For the last four years I have been researching and writing about abortion rights and access, the latest trends in laws meant to overturn Roe v. Wade, and the politicians and activist groups pushing laws meant to ban abortion and even birth control itself. Frequently, people ask me if I get depressed (yes, sort of), how I keep up with it all (Google, RSS feeds, wine), and how I always know so much about what abortion opponents are thinking.
The answer to that final question is simple: I read right-wing literature. A lot. Everything they write.
Thanks to copious research and a quality coffee addiction, I've read large numbers of anti-choice books—especially memoirs. I've read the good. I've read the bad. I've read Abby Johnson. Now I can share those nuggets of anti-abortion goodness with you so you can save yourself hours of your life knowing that when it comes to "pro-life lit," you really aren't missing a thing.
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The Best: Abandoned: The Untold Story of the Abortion Wars by Monica Migliorino Miller
Ever wonder where those horrible, graphic photos you see on giant posters outside of abortion clinics originate? Meet Monica Miller, 80's era "rescue movement" activist and photographer. One upon a time Miller and a number of activists who formed the original core of Pro-Life Action League would riffle through the giant dumpsters behind an abortion clinic on Michigan Avenue, taking out whatever remains they could find prior to the morning trash pickup, then stash in her apartment to photograph in extreme close up and graphic detail.
"I was living an unusual life, digging through trash dumpsters on a Chicago loading dock and picking the bodies of human beings out of the trash," writes Miller. "I kept the boxes of aborted children, draped with a rosary, in my closet. Edmund and I spent hours painstakingly photographing the tiny, broken corpses."
Despite the gruesome chapters regarding carefully and artfully posing remains (think of her as a nightmarish Anne Geddes), the majority of the book is both engagingly written, evocative, and extremely insightful for anyone curious about what goes on in the minds of those who pray outside abortion clinics, telling people that ingesting birth control is creating a tiny graveyard in your womb.
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The Worst: The Scarlet Lady: Confessions of a Successful Abortionist by Carol Everett with Jack Shaw
Author Carol Everett's story is the pro-life "abortionist" conversion tale that anti-choice acolytes adore, but with an anti-feminist twist. Everett embodies not only the role of the evil abortionist, but that of the ungodly, unfeminine being who has lost her way and forgotten how to be a woman. Her own abortion, her desire to see the business grow and be self-supported, her affairs with a variety of men, and her hard drinking all spring from her rejection of her true womanhood.
Like all good redemption narratives, Everett eventually hits rock bottom, loses it all, and is taken under wing by businessman-minister Jack Shaw. Along the way, she finds both Christ and her lost womanhood.
It's the classic anti-choice fairy tale, complete with fairy God-minister. Unfortunately, it is also nearly impossible to read not just due to the heavy-handed sinner/saint narrative but an actual lack of talent on the part of the writer. It is written at best at a sixth-grade reading level. Perhaps Everett and Shaw knew a little something about their target audience.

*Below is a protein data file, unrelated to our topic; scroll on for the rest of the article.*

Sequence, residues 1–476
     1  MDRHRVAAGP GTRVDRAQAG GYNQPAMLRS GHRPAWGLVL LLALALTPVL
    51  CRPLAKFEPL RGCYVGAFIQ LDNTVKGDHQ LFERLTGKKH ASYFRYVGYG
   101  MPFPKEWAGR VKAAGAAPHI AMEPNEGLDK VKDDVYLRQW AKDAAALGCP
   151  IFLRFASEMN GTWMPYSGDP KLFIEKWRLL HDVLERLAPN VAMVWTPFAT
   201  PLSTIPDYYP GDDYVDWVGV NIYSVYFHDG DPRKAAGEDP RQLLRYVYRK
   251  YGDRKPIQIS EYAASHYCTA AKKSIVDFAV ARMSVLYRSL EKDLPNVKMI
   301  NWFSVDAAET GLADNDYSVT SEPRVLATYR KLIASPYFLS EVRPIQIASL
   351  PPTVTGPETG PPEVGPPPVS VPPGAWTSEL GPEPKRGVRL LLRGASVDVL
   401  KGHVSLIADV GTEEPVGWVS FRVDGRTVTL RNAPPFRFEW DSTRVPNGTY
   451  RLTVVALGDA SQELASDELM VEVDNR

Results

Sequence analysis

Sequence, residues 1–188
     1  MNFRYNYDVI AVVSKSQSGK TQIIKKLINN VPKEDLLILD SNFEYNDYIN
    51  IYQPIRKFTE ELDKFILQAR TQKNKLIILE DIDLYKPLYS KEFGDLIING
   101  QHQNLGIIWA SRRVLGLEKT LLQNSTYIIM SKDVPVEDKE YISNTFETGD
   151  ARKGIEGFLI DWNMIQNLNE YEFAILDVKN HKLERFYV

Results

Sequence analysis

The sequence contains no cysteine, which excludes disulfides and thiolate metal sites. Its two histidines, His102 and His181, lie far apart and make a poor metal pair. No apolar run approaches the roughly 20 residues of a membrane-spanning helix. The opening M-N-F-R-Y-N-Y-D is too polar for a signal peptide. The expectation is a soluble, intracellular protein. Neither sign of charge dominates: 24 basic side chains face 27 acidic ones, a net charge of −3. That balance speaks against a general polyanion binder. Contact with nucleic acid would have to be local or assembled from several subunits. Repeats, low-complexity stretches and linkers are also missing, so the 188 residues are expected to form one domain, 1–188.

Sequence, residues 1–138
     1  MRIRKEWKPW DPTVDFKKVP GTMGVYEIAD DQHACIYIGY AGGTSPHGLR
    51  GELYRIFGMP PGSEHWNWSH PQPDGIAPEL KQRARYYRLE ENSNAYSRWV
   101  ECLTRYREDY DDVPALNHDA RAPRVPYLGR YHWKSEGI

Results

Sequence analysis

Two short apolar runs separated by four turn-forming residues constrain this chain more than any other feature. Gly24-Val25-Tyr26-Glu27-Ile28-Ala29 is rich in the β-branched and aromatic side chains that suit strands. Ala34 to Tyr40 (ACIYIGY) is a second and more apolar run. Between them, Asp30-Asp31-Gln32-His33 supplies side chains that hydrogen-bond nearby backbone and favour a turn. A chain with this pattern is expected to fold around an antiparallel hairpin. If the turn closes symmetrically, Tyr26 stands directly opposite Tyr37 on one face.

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Abby Johnson's memoir of going from being the director of Planned Parenthood clinic in Texas to joining the pro-life group that prayed outside her clinic made a national splash. The conversion story is similar to Everett's, but without the "Eve ate the Apple" storyline that twined its way through Scarlet Lady. Johnson always saw herself as a naïve pawn in the money-making schemes of an "abortion giant."
In comparison to Scarlet Lady, Unplanned is a readable, engaging narrative with a much more polished feel. Religion and morality are far lesser themes, making it more acceptable to a mainstream audience. But still, this isn't a book for a mainstream audience. Those who are inclined to read her book would be people looking for dirt on Planned Parenthood, or dirt on Johnson. They will get the former if Johnson's story is to be believed. The reproductive health provider is the true villain of the story, deceiving both patients and workers with gateway birth control to get them to accept the hard-core baby killing that is their real mission.
Planned Parenthood makes a convincing antagonist, but the overall story lacks an interesting protagonist. Unlike Everett, Johnson isn't a caricature, but is written to resemble a real person. Unfortunately, that also makes her a rather dull subject. Her interactions with the original 40 Days for Life protesters border on idyllic even when they were the "wrong side of the fence," and both Johnson and her eventual allies are far too pious, understanding, and thoroughly non-judgmental and "turn the other cheek" to be believable, much less enthralling.
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Now I'm off to check out "Won By Love," the Norma McCorvey memoir. Because hey, someone has to read it, right?
Robin Marty is a freelance writer, speaker and activist out of Minneapolis, Minnesota. Her first book, "Crow After Roe," details the red state plan to end abortion one state at a time.